Thursday, June 16, 2011

Sleep Credits

Perpetual Birthday Calendars printed by Moi, available on Etsy

There is nothing better than waking up to a notification that someone you don't know has sent you money for something you made. Last nights sleep earned me 35 big dollars, (minus $10 for shipping), leaving me with 25 big dollars to reinvest in boxed wine, I mean letterpress supplies and shoes for baby. Who said sleep was a waste of time, certainly not me. Be the first on your block to get one, these things are going like hotcakes, sort of.

Monday, June 13, 2011


Sample of grass collected during the walk.

I hate the dogs who come barking, biting and bitching as I walk. They hurl themselves down bucolic driveways, from rest on sundecks, snarling and lunging until they hit invisible walls of electricity or lengths of rope. I am peaceful as I go along because that is my mission, the goal of the whole activity to clear the poisonous slackitude from my mind and the road complies. It stretches itself out straight and open with only one big turn which I can easily navigate with my narrow body, narrow dog on narrow leash at my side. I look up and down as I go, noticing the grasses, Buttercup, Skunk Cabbage, the beginning of Indian Paintbrush and so many more silent road residents whose names I don't know. Do they know my name as I pass by occasionally stopping to yell "back-off" at the charging retrievers? What is the point of this walk, designed to calm me if my blood pressure shoots up while my body tenses forming and expelling the words that I launch not really toward the dogs at all but at the house they have emerged from. Hoping the words will drift along with the cottonwood fluff and be heard by the woman who lives there. What I wish she could experience are the jagged spikes as my heart pounds against my chest, feel them like sharp jabs in her temples. As I wait for the car—that I know is approaching—holding my breath as it rushes up to us and meets the dogs now in the middle of the road. Will today be the day they get hit? I am always surprised by how loud I can yell in these situations. It stops the dogs, perhaps saves their lives and I move on following the freshly mowed edge of the road with my eyes but still conscious of my disturbed heart.

Saturday, June 11, 2011

Enjoy this.

I'm busy right now with work and thinking about my story. I have been writing but I have also been walking a lot and just thinking and things are beginning to fall into place. I have also been doing some drawing but because I have so much work at the moment and quite a few bills to pay the work is taking the front seat while the rest is just chilling in the way back. So in the meantime, listen to this. It's from Radiolab a great show that I love, lots of talk about thought and experience, it makes me weak in the knees sometimes.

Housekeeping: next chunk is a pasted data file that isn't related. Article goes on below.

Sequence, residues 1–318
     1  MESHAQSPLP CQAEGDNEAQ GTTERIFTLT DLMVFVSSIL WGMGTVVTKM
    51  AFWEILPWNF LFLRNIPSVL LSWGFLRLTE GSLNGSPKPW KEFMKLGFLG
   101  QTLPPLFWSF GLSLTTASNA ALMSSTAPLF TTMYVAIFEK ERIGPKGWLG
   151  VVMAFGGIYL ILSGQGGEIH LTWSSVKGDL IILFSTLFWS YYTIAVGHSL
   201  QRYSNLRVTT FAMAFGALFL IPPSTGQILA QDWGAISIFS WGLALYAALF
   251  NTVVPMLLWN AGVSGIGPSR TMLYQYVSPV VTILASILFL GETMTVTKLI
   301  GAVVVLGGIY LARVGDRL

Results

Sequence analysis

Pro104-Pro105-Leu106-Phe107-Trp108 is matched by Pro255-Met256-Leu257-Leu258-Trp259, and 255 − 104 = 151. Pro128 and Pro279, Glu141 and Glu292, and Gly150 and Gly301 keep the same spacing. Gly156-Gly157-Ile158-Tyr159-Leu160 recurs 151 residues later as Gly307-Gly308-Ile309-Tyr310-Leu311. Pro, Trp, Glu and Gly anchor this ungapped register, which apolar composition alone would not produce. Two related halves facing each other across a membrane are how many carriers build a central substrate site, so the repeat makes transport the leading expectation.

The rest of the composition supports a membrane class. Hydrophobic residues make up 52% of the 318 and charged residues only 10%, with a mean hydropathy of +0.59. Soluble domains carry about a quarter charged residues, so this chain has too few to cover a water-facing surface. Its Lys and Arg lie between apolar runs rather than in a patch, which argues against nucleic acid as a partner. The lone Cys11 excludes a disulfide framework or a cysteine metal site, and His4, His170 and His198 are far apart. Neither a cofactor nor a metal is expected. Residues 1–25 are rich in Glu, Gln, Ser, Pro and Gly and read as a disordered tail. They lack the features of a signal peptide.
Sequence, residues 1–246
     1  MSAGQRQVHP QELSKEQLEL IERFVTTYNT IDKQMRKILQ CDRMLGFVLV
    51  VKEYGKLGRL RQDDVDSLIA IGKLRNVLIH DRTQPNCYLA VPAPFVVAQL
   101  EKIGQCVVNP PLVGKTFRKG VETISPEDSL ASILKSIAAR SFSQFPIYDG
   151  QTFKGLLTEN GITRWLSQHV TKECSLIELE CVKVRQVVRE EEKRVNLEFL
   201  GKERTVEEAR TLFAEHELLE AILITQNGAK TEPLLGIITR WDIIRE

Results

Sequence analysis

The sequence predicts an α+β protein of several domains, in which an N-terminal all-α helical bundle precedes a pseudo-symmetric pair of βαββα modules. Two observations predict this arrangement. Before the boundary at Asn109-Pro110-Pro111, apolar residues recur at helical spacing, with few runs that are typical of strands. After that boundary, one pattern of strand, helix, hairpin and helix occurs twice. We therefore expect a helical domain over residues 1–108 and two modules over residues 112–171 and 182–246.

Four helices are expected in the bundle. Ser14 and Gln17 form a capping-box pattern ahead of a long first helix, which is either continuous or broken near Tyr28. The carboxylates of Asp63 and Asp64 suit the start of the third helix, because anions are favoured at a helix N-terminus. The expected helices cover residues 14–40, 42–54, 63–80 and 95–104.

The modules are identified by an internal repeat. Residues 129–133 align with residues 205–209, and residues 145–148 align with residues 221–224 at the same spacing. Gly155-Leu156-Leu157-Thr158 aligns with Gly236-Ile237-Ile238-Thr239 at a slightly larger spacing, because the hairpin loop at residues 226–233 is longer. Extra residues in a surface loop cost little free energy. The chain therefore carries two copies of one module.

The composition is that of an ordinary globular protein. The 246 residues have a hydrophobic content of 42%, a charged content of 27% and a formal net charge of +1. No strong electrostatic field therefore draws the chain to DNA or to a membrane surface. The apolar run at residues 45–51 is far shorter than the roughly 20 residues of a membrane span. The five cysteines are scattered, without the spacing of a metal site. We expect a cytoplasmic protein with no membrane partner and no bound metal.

Me, Myself, and Muse - Radiolab

Friday, June 3, 2011


One of the details from my daily walk.

Life inside my head can be exhausting. The constant vigilance, taking note of my mental state all the time, it's like adjusting and readjusting wool underwear, it just never feels right. So naturally I am pleased when I have the opportunity to just act, to think quickly and then burst into action.

It happened this week during my daily walk. I came across one of the neighbors horses, loose in his yard. The owner was at work and must have put the horse in his orchard for grazing and the horse got out and was lurching around the yard, testing the sensation of gravel under his hooves by the fire pit, tasting the BBQ and generally looking a bit freaked out by this sudden freedom. Without too much labored thought I attached my nervous dog to a fence post and intercepted the horse as he trotted toward the road, I raised my arms in the air to make myself appear authoritative, I grabbed him by the mane with my right hand and then held his nose in my left and sort of steered him toward the gate of the paddock. I spied some nasty bailing twine which I grabbed from the bucket of water (and horse shit) it was floating in and threw it around his neck and nose, making a quick halter so I could hold him and get the paddock fence open, splattering mud on my face in the process. I made the good-horse-go-forward clicking sounds and in he went, I closed up the gate being careful not to get shocked and went and rescued the dog who was really nervous because the horse was now very close to her, albeit on the other side of the fence. Then we carried on and I felt terribly brave and capable. It's been years since I've had much to do with a horse but it all comes back.

Farther down the road near the creek I stood for awhile looking skyward and watched a young eagle swoop and soar and then settle in the trees. Some smaller birds were heckling him, foolish and brave I thought and for a moment I imagined how exciting it would be to see the eagle swoop down and pick up the spaniel who had come out to follow us. I made it to Friday and they were playing some Bob Marley on the radio and it made me think of my youth and my husband and the weekend and I felt like I had hit on the just the right adjustment.